Adam Dray (adamdray) wrote,
Adam Dray
adamdray

This week's Save My Game

Jason Nelson-Brown writes the Save My Game column on the Wizards of the Coast website. From the site:

This column provides advice for DMs whose campaigns are in trouble. Do your players constantly bicker or complain about issues both inside and outside of the main campaign action? Do your best ideas fall flat? Have you set up a situation that you now wish you hadn't? Worry no more, because Jason Nelson-Brown has the answers to save your game!


We all know how common this is in gaming, and Jason has all the answers! Yay!


This month, he tackles player knowledge vs. character knowledge. What do you do when your players memorize the Monster Manual and use that knowledge to their benefit, even when the character should have no knowledge of that stuff?

The original question he answers is:
My players have memorized the Monster Manual, so they recognize every monster I throw at them. How can I keep them from using out-of-character knowledge in the game? -- Maggie at Wizards of the Coast

His suggestions are three:


  1. Beg them to "play nice." Appeal to them with DM interpretations of the Knowledge skill. If that fails, lay down the law about OOC vs. IC actions.

  2. Forbid PC actions that are based on "knowledge to which the PC isn't entitled." Huh, that sounds suspiciously like laying down the law.

  3. Punish players with XP penalties after the game, "if a player persists acting in a way that is unreasonable for his character." Huh, that also sounds suspiciously like laying down the law.



In his summary, Jesse empowers DMs to tell a player to "shut his yap" and to "feel free to stomp on that kind of activity -- and hard." Yeah, that'll save my game! Thanks!

Jesse misses the fundamental point that D&D 3.5 supports Gamist style play very well, and supports other kinds of play pretty damned poorly.

Look at Maggie's question. "They recognize every monster I throw at them." How can I stop them? Maggie seems to understand that D&D is about "step on up." She's throwing monsters at her players and wants it to be a fair fight. She feels they're cheating. But why? Your characters don't know all the stats of the monsters! So?

God, I get queasy reading Jesse's anecdote about how he squelches his 10 year-old daughter's enthusiasm when she proudly identifies the doglike creatures as kobolds and analyzes their threat level to the party. Squish! All your reading is for nought! I'm willing to bet that the reason she clapped her hand over her mouth was that Jesse was giving her some kind of disapproving look.

Adam's New Philosophy on the Best Way to Play D&D

D&D 3.5 plays best, I think, when a player can use every tool at his disposal to Step on Up, Kick Ass, and Take Names (and their Stuff). Here are some possibly controversial ideas for game play that I think will Save Your Game.

Player knowledge is fair game. Hey, man, read the Monster Manual and use that knowledge during the game. As DM, I certainly do, so you should as a player. Need an IC justification for it? Shouldn't be too hard. Your PC is an adventurer, dammit. He spent his teen years sitting in bars and listening to bards and rangers talk about their experiences. He studied under great wizards and warriors and learned all about monsters and traps. Maybe he's never actually seen a kobold, or a dire wolf, or a mind flayer, but he has heard all about them and knows their strengths and weaknesses and he knows which ones will likely kick his ass instead of vice versa.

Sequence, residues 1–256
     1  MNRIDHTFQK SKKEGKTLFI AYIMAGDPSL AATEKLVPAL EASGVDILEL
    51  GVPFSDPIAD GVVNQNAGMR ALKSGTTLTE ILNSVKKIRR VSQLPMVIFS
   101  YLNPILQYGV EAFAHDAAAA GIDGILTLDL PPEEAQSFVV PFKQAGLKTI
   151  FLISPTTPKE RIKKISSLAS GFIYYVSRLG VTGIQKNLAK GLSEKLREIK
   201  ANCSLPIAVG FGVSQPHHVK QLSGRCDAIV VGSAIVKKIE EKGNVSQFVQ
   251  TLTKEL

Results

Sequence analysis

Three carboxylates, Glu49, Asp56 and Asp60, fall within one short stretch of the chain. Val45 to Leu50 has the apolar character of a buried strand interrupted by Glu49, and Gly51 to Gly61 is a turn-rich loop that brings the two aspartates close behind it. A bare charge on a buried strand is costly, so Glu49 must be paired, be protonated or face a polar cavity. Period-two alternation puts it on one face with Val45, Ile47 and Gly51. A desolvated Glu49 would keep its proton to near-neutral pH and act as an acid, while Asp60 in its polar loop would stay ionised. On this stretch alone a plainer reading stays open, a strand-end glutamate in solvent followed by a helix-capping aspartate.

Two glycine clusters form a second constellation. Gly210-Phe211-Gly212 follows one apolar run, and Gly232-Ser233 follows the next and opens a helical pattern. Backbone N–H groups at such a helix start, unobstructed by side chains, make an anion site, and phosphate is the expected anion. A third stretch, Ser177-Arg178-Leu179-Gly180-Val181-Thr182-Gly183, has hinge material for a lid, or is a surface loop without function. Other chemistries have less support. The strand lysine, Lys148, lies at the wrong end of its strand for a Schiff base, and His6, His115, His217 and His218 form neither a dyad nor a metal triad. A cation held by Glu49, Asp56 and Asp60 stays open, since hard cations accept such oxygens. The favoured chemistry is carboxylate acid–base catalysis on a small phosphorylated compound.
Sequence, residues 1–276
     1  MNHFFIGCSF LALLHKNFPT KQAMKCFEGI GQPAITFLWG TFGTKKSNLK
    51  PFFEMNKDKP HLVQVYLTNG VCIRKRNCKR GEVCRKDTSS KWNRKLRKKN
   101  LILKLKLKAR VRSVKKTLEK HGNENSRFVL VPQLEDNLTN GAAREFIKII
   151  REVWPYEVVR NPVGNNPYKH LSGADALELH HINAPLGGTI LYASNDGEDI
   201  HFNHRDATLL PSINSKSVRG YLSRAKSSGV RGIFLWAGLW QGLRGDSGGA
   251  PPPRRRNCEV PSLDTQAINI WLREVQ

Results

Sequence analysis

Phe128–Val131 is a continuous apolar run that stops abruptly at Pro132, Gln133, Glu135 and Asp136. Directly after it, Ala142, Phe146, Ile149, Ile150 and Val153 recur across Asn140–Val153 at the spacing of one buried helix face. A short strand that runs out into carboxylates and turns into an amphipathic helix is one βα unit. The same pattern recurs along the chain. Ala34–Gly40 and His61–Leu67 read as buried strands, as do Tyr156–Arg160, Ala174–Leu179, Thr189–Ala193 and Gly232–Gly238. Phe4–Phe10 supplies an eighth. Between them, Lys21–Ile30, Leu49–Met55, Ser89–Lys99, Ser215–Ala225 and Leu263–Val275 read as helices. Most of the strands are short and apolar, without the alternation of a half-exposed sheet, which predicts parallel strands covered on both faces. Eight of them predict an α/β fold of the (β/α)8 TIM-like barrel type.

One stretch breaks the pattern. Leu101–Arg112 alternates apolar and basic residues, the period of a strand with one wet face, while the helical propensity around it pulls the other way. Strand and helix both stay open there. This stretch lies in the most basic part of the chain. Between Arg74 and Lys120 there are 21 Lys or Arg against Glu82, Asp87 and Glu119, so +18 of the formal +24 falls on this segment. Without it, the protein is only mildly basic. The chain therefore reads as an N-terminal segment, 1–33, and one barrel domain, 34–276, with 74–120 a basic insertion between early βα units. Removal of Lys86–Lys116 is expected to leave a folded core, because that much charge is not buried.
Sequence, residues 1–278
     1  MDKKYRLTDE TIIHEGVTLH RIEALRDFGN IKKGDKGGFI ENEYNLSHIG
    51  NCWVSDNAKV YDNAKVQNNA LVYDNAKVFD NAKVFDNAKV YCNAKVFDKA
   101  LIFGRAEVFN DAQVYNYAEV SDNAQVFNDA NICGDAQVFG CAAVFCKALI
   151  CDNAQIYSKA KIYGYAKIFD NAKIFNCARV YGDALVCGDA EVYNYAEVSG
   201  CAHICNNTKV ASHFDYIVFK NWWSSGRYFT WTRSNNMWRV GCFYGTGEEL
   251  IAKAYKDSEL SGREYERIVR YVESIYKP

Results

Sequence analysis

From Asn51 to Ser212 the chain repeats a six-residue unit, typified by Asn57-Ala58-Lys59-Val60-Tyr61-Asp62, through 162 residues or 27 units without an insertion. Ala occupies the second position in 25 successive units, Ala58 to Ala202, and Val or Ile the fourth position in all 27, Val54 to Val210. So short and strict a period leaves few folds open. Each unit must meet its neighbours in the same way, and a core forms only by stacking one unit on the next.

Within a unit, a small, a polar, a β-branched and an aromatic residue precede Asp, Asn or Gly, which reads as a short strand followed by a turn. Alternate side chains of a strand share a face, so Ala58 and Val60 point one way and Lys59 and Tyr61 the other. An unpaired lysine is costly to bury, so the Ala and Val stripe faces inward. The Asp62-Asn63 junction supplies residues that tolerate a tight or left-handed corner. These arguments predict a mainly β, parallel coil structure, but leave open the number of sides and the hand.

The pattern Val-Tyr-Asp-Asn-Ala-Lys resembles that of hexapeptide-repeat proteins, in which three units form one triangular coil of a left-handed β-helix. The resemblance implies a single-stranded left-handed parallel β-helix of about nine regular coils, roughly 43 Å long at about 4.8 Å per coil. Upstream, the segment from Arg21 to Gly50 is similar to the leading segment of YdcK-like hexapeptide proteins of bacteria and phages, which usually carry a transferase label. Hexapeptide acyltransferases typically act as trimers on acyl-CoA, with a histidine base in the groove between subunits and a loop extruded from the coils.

Tell them the Challenge Rating. That's right, DMs. Tell your players how tough the encounter is and how many XP they'll get if they Kick Ass and Take Stuff, er Names. Taunt them. "What? A little CR 3 ogre gonna scare you away? Chickens." Bribe them. "You know, he probably has a +1 dagger in his boot." But give them the ultimate choice to fight, run, or do something else, and give them the knowledge they need to make the right decision. Don't surprise them with a few extra ogres and bump the encounter up to EL 6 cuz you felt like it.

You can still do surprises; you just have to inform them of the EL/CR earlier. "Hey, guys, you can either go down the left corridor, which leads to a pretty dangerous EL 6 encounter worth 3000 XP, or you can go down the right corridor which leads to a series of EL 2-3 encounters worth around 400 XP each. Your choice." "We'll take the big one." "Okay, whoever is in front make a Spot check at DC 20. Aww, damn, until they drop on you, you don't notice the cloakers hiding on the dark cave ceiling! Roll initiative!"

Play for keeps. Hey, you're letting them choose whether to fight or run or do something else, right? You're letting them read the MM and every supplement and letting them bring all that player skill to bear on the game problems, right? Shit, some of them even read the module you're running. So? So play for keeps. Try to kill their asses. Be fair, stick to the rules, and be ruthless. You told them it was CR 6, and they went anyway. A bunch of cloakers drop down and attack. Hey, maybe you'll kill the whole lot of them. Total Party Kill, baby. But if they win? Wow, that'd be awesome. They'd be pretty damned proud to survive that encounter with their four characters each level 2 or 3.

I think those things will help you Save Your Game a lot better than Jesse Decker's advice.
Tags: game design, gaming
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